Waters: Plenty at stake in Kelowna West vote

Liberal, Green and NDPer can all make a case for influence they could wield

Next Wednesday, for the fourth time in less than five years, Kelowna West voters will head to the polls in a provincial (by)election.

Like many things on the west side of Okanagan Lake—not withstanding the fact downtown Kelowna is part of the riding—things are done differently over there. Just think back to the divisive incorporation of the West Kelonwa vote, the battle over a new name for the municipality or the failed bid to build a city hall.

After the 2013 provincial election, in which B.C. Liberal Ben Stewart was re-elected, he stepped down to let then-party leader Christy Clark run in a byelection. Four years later, after retaining her seat in the provincial election, Clark stepped down when her government got turfed in a non-confidence vote, prompting next week’s byelection.

And to make matters more interesting, Stewart is back running to replace Clark, as is the woman Clark beat out for the MLA’s job last May, Shelley Cook of the NDP.

But the political landscape in B.C. has changed dramatically since both Stewart’s and Cook’s last run for office. The NDP, supported by the B.C. Greens, are now in power and it’s the B.C. Liberals who are the Opposition party in Victoria.

Locally, riding on the momentum of the B.C. Greens electing not one but three MLAs to the legislature last May, Kelowna West B.C. Green candidate Robert Stupka is making one of the strongest pushes for election the riding has seen by a Green since…well…ever.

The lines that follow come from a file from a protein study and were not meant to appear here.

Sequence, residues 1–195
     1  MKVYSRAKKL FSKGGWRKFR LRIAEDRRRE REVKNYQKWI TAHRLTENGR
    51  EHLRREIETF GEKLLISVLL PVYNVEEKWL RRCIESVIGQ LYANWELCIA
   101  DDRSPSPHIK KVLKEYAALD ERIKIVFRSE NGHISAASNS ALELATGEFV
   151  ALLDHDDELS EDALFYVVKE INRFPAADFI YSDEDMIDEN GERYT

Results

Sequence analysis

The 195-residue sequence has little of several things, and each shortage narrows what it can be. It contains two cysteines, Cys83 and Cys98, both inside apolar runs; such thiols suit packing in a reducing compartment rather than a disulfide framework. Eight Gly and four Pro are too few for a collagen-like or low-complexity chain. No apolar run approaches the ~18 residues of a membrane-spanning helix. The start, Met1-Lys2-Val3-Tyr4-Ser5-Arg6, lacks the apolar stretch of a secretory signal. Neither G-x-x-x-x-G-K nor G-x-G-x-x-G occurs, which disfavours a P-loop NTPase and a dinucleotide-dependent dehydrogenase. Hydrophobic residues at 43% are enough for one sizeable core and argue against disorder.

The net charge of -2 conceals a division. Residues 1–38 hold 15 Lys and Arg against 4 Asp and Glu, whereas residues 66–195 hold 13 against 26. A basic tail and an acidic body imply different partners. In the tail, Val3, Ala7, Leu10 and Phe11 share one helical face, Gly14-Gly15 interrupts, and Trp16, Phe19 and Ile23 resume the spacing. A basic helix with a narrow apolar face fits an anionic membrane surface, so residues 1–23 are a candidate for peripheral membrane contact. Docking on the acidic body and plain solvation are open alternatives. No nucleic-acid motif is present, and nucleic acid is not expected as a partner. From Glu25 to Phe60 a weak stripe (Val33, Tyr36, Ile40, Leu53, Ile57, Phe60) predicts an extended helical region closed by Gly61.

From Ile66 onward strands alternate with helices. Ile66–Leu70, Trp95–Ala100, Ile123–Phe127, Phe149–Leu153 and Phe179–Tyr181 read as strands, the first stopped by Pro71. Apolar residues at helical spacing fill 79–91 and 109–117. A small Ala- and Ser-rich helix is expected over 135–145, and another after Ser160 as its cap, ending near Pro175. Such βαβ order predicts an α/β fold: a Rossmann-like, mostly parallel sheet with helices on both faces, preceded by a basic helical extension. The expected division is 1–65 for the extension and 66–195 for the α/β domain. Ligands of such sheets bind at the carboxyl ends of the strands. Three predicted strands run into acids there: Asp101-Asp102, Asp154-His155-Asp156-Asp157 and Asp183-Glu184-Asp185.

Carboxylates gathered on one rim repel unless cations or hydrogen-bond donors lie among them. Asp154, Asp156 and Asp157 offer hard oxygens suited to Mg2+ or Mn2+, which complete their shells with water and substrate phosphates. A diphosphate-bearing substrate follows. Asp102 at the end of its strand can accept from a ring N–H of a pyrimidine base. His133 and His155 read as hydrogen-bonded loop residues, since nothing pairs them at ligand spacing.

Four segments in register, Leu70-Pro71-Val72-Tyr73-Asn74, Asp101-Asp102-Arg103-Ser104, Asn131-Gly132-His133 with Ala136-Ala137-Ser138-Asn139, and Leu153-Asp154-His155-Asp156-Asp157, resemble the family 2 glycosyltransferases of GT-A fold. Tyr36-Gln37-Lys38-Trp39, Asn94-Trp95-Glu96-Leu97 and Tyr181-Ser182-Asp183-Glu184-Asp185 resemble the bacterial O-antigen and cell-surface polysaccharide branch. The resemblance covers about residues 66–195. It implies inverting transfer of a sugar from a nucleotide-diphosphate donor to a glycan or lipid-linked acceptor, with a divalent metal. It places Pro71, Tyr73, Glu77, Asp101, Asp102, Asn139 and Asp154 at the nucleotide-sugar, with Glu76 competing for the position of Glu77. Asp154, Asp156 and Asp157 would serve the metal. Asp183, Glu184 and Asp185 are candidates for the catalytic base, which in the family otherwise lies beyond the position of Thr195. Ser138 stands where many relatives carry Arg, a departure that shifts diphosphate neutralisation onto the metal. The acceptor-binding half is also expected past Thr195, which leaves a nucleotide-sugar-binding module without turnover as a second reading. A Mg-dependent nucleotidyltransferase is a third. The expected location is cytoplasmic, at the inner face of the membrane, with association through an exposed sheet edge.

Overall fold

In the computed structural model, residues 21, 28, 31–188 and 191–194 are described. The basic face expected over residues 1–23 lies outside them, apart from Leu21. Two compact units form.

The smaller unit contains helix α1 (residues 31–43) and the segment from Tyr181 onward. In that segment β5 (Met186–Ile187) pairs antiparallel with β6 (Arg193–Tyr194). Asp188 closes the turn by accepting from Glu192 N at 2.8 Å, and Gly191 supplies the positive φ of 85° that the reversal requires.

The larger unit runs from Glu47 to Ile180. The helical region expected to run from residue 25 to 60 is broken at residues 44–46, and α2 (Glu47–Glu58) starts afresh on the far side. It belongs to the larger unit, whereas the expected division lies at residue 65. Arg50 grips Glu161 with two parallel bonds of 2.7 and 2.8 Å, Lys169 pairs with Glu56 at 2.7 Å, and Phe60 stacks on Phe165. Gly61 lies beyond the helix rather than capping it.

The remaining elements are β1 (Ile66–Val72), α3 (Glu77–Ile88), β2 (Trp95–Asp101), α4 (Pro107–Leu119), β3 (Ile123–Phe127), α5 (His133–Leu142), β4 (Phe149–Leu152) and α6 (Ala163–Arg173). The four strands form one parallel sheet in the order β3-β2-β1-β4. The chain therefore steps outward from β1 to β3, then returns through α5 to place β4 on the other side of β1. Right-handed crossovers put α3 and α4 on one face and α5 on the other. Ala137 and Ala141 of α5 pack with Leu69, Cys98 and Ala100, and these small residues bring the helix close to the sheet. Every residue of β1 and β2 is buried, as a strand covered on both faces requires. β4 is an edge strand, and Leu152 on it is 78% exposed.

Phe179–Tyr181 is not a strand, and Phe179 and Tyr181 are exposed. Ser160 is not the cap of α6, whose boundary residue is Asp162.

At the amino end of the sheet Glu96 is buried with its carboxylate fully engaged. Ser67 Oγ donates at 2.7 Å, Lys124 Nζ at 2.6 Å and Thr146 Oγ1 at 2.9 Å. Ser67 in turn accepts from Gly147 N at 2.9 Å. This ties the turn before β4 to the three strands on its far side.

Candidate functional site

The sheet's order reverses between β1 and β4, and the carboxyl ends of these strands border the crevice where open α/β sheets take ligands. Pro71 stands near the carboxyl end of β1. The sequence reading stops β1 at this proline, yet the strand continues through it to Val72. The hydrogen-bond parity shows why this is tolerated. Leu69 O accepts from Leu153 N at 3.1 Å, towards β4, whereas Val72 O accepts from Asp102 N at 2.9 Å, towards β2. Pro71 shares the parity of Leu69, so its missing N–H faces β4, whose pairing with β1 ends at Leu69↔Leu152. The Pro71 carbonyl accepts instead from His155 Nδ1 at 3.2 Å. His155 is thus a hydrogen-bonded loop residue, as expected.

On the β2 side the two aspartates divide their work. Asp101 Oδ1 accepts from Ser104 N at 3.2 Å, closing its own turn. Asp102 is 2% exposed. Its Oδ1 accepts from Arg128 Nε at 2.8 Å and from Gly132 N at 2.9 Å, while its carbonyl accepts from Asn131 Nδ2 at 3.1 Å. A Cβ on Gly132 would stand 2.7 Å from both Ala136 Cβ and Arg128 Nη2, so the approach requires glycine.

The byelection field is rounded out by Libertarian Kyle Geronazzo and B.C. Conservative Mark Thompson.

But Stewart, Cook and Stupka can all make a legitimate case to voters for their support.

In Stewart’s case, he has history on his side. And experience.

Historically, the riding that now calls itself Kelowna West has been a right-of-centre stronghold for many years. It was Social Credit central when WAC Bennett and his son Bill were B.C. premiers and under the Liberals was basically a safe-seat. He won handily, twice, as did Clark. He’s been there, done that.

But, as Cook points out, she’s now the one running for the party in power. Even as a backbencher, with the numbers in Victoria so tight, her voice will be heard at an NDP caucus table where Premier John Horgan needs all the support he can muster to stay in power.

And then there’s Stupka, who will tell you he will have the most influence of the three if elected over the veteran Stewart and the government candidate Cook. His three elected B.C. Green colleagues are what stands currently between a fifth provincial election in the riding in just under five years and the possible continuation of the first NDP government in B.C. since 2001.

As has been seen in the last eight months, three is a mighty big number when it comes to getting the NDP to squint through green-tinted glasses. Of course, the B.C. Greens have not got all they wanted from the NDP, but Horgan knows they are the lynch pin to him keeping his job without going back to the polls before 2021.

So, with so much on the line, the upcoming Kelowna West byelection does hold some significance.

The hope now is voters, no matter who they support, will turn out in large numbers to let their voices be heard Feb. 14.

Alistair Waters is the assistant editor of the Capital News.

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